Apple’s Response to Saudi App Controversy Indicates a Different Moral Standard for China
In modern Saudi Arabia, an app that has been exploited (and partially designed) for a rather medieval purpose is currently available in the app stores of both Apple and Google. The Absher app is the official app of the Saudi Interior Ministry and is widely used for administrative purposes in Saudi Arabia, where it’s deployed for the sake of valid record keeping in the case of driver’s licenses, immigration documentation, and census numbers, but it is no secret that it is also sanctioned to use as a way to monitor and even to restrict the travel of Saudi women. The app allows for male Saudi “guardians” to access government services and list female “dependents” by name and passport, effectively giving them dominion over whether these women can travel or not. The Saudi Interior Ministry website indicates that there are more than 11 million users of Absher, which in a country of roughly 33 million people would imply that 1 in 3 Saudis are using the app (mostly males).
Apple CEO Tim Cook has tried to play damage control with the bad optics that revelations about the sale of Absher in the Apple app store has created for his company, stating that Apple will “take a look”, while Google has thus far refused to comment on their sale of the app.
Meanwhile, U.S Senator Ron Wyden of Oregon has not minced words, writing a pointed letter to Tim Cook on the matter and urging Apple to withdraw the app from their stores. In the senator’s letter he stated: “In evaluating whether an app should be allowed, app store providers should be considering the broader context of the purpose of the app, how it is used in practice, and whether it facilitates serious abuses.” Far from being used to know the whereabouts of children past curfew or to monitor senior citizens, the sale of the app by both Apple and Google has garnered outrage from human rights groups who share Senator Wyden’s concerns about the true purpose of such an app.
What’s additionally disconcerting about the Apple response to this issue is that if they succumb to international pressure to do the right thing and remove the womanizing app, despite it being legal and embraced in Saudi Arabia, they will signal that they operate by a different code of ethics in countries that deeply impact their bottom line than they do in those that do not.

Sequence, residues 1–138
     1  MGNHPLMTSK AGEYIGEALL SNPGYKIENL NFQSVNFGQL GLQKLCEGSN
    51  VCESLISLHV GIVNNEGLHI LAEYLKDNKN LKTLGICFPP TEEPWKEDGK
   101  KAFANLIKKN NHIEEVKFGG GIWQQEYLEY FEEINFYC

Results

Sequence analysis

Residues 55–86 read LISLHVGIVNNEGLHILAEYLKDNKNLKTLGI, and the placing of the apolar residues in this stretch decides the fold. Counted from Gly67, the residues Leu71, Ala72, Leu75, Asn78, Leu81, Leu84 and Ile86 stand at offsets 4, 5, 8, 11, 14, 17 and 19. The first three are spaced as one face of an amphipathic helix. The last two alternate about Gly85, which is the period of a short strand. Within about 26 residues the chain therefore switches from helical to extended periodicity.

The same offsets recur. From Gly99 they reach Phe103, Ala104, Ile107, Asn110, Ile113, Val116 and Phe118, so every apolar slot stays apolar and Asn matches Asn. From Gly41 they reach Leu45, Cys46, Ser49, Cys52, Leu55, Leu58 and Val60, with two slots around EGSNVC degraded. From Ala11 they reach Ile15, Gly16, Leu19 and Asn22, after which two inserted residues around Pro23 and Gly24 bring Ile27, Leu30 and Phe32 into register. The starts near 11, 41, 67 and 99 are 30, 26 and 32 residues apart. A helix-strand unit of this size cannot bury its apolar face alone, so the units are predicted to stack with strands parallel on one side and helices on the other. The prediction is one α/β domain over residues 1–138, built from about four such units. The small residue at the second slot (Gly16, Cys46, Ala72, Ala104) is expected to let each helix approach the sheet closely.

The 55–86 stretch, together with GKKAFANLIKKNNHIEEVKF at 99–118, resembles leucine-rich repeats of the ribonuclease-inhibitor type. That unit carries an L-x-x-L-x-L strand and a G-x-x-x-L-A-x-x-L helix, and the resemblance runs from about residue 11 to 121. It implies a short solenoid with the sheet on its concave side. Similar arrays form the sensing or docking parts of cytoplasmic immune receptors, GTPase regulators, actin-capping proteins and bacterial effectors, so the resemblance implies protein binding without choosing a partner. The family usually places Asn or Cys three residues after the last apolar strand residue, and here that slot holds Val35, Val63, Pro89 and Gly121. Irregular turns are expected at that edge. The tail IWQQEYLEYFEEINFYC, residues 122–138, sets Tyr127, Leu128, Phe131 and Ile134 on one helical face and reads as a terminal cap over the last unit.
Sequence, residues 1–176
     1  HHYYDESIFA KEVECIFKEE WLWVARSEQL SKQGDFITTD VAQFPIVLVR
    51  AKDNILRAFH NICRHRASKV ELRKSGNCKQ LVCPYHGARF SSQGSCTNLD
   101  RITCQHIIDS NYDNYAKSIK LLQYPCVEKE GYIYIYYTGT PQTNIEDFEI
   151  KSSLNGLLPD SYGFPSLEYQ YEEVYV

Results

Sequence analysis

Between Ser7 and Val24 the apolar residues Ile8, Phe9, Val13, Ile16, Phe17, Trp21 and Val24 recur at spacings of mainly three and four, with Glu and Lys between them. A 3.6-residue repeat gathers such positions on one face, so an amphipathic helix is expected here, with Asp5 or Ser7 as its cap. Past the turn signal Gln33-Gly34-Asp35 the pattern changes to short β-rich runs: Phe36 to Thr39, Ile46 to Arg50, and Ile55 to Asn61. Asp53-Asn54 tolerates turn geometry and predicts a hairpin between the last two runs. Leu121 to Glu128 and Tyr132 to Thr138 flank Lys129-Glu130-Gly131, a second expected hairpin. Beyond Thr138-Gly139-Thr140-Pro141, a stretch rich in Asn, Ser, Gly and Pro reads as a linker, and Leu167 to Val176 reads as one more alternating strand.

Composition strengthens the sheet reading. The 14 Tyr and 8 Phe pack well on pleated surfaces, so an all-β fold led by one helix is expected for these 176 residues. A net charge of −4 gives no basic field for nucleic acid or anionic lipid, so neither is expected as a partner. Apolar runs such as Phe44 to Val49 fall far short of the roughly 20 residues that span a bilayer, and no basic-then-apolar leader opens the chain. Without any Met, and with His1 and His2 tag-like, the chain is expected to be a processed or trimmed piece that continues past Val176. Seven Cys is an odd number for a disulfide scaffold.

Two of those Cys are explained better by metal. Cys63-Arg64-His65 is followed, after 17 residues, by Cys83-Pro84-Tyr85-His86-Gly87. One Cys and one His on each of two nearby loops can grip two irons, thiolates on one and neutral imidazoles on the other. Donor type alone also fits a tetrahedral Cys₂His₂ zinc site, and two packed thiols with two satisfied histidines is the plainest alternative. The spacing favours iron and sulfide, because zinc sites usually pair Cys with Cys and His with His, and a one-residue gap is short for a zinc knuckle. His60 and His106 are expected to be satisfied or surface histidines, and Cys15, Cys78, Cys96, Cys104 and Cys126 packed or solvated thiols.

Because our memories are not so short as to forget how Mr. Cook and Apple responded to pressure from the Chinese government to censor the sale of VPN apps that the communist regime deemed offensive to the state. If Apple’s previously stated business prerogative was to remove VPN apps from Chinese app stores because companies “must respect the laws of country you do business in”, despite the fact many apps were removed without being in violation of any specifically written law, then it seems that they have a rather shapeshifting approach toward whatever standards they’re willing to hold themselves to in order to do business in different countries.
If the Absher app is deemed legal in Saudi Arabia but Apple decides to remove the app, then Apple is admitting they are a hypocrite. Apple is admitting that the Chinese people’s right to access the Internet is not as important as protecting woman’s rights in Saudi Arabia. By not relying on local laws to determine what is available in their app store, Apple has put itself in a position to behave as the arbiter of what is right and what is wrong or what is in fact a human right and what is not.
One can’t help but wonder if iPhones were made in Saudi Arabia instead of China how different and immediate the Apple response to the laws of that land may have been. It’s hard not to be cynical with the fact their business ethics seem to be moving targets, because it seems to say loud and clear to us that “we respect the laws of a country (and cave to political pressure) if we build all of our iPhones there”.
Which means that the ultimate Apple ethos is that the bottom line is prized more highly than whatever their present definition of human rights may be.